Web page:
Unpublished Dispositionleonard A. Mosley, Petitioner, v. United States Postal Service, Respondent, 826 F.2d 1071 (Fed. Cir. 1987)Annotate this Case
Before DAVIS, BISSELL and ARCHER, Circuit Judges.
The decision of the Merit Systems Protection Board (MSPB or Board), MSPB Docket No. DA07528510133, reaffirming on remand petitioner's removal from his position with respondent, is affirmed.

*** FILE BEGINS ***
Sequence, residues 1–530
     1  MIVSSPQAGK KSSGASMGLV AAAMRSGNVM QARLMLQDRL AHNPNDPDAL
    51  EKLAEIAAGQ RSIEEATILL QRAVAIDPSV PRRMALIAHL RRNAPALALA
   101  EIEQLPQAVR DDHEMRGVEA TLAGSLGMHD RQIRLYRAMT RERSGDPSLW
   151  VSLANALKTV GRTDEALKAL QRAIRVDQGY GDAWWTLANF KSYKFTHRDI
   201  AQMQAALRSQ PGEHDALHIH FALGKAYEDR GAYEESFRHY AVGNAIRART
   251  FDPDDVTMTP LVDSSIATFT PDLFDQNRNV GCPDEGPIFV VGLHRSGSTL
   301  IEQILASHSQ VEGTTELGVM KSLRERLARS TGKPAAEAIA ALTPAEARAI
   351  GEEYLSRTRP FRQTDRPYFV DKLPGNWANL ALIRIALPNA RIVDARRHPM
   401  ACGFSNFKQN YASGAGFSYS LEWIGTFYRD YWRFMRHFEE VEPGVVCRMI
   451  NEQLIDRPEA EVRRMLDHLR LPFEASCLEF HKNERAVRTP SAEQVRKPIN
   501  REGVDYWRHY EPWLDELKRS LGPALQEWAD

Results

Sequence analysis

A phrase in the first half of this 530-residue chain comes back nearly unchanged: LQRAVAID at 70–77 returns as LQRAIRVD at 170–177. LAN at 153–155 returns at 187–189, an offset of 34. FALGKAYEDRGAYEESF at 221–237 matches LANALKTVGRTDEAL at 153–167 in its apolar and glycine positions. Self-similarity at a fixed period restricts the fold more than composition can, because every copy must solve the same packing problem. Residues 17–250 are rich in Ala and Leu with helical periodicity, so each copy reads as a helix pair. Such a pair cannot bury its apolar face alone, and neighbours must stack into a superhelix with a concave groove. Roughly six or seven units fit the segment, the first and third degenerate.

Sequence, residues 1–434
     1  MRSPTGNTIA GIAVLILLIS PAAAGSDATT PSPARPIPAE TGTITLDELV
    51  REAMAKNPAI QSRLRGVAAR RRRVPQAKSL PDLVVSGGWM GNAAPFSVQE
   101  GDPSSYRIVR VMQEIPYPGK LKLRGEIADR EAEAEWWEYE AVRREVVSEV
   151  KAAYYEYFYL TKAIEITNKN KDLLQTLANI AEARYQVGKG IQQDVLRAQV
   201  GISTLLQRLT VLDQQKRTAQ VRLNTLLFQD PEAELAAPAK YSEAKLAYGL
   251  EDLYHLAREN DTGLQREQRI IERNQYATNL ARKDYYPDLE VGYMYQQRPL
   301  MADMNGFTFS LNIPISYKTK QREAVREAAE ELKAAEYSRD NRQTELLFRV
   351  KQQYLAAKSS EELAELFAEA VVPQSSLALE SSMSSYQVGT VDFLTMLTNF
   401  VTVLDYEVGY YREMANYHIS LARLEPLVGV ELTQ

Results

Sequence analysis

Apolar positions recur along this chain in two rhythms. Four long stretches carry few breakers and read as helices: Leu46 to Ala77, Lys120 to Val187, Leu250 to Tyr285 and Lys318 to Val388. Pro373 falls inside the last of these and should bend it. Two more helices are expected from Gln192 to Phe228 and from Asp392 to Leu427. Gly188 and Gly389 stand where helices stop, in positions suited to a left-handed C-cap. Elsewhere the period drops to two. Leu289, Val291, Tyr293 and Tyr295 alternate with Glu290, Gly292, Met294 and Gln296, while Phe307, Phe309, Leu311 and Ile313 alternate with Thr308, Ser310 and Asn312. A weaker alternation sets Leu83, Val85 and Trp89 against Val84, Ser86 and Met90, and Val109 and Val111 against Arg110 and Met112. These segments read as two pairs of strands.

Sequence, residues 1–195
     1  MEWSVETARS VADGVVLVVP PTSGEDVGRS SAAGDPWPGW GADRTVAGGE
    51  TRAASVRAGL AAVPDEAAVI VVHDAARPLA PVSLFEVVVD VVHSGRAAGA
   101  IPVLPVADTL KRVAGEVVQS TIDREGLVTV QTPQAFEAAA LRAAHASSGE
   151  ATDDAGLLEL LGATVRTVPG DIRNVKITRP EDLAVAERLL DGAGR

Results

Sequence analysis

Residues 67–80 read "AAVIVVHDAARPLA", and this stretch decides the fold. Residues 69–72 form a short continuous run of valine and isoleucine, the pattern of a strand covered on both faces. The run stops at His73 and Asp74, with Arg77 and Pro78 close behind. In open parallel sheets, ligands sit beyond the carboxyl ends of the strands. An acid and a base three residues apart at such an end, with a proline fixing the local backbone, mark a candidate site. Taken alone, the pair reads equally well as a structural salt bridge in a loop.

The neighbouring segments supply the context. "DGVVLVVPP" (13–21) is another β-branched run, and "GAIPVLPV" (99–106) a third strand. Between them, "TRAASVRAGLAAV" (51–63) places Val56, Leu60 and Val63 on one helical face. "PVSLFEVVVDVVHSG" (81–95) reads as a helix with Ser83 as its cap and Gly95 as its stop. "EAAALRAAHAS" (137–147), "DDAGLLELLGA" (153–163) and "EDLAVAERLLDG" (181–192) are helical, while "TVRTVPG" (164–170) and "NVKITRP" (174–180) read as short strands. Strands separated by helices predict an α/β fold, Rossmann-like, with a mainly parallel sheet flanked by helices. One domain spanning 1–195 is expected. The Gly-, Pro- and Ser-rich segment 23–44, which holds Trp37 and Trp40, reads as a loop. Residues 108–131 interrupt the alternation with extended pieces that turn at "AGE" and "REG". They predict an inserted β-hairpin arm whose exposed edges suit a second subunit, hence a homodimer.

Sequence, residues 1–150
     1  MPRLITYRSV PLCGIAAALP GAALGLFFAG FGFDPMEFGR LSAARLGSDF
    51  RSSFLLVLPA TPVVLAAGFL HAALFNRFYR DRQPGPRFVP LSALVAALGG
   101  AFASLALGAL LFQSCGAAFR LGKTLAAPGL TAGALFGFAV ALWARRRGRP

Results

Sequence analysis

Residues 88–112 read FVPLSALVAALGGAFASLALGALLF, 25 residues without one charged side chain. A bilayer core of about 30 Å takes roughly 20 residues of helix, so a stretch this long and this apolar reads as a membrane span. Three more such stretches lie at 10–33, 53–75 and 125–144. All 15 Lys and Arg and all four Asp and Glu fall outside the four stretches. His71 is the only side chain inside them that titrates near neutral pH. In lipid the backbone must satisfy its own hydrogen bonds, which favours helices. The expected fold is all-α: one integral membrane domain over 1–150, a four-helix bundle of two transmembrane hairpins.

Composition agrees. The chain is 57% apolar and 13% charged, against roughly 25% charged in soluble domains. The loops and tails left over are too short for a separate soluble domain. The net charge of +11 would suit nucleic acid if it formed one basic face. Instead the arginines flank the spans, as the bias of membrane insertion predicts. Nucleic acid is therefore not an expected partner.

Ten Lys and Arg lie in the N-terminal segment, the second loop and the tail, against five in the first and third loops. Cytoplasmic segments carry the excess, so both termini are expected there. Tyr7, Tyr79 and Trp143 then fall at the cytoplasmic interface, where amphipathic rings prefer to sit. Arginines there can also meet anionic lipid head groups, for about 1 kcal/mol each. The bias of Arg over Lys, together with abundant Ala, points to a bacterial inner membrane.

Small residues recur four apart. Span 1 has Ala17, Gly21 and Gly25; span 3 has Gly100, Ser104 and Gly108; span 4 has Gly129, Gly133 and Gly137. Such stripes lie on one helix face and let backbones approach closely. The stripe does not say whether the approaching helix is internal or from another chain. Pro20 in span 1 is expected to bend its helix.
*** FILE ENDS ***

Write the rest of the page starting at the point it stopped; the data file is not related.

On August 28, 1986, in an unpublished opinion, this court sustained the MSPB's findings and conclusion that petitioner's misconduct (an altercation with another employee) had a proper nexus to the efficiency of the service and warranted a sanction. However, we remanded the penalty of removal for reconsideration of the Board in view of the fact that an arbitrator had refused to remove Howard, the other party to the altercation. The full MSPB then determined that the arbitration decision (with respect to Howard) did not require mitigating petitioner's penalty of removal. This latest decision points out that the arbitrator had held, in Howard's case, that " [petitioner] and the other employee were not similarly situated because [petitioner's] misconduct was more serious"--and therefore that the arbitrator's determination did not provide any basis for reducing the sanction against Mosley. Substantial evidence supports this conclusion, and there was no abuse of discretion. The arbitrator's opinion shows that he refused to remove Howard because (a) he believed Howard's evidence that Mosley provoked the altercation (and disbelieved Mosley's contrary testimony), (b) he believed petitioner's actions toward Howard constituted extreme provocation and were life-threatening; and (c) Howard did not act provocatively in the way Mosley did nor did he carry a gun to the place of the final altercation. The short of it is that the arbitrator found that Mosley was the provocateur throughout and Howard was merely responding to that provocation. That is ample basis for the Board to differentiate Mosley's penalty of removal from Howard's reinstatement (by order of the arbitrator). There is no reason for us to overturn the MSPB's decision.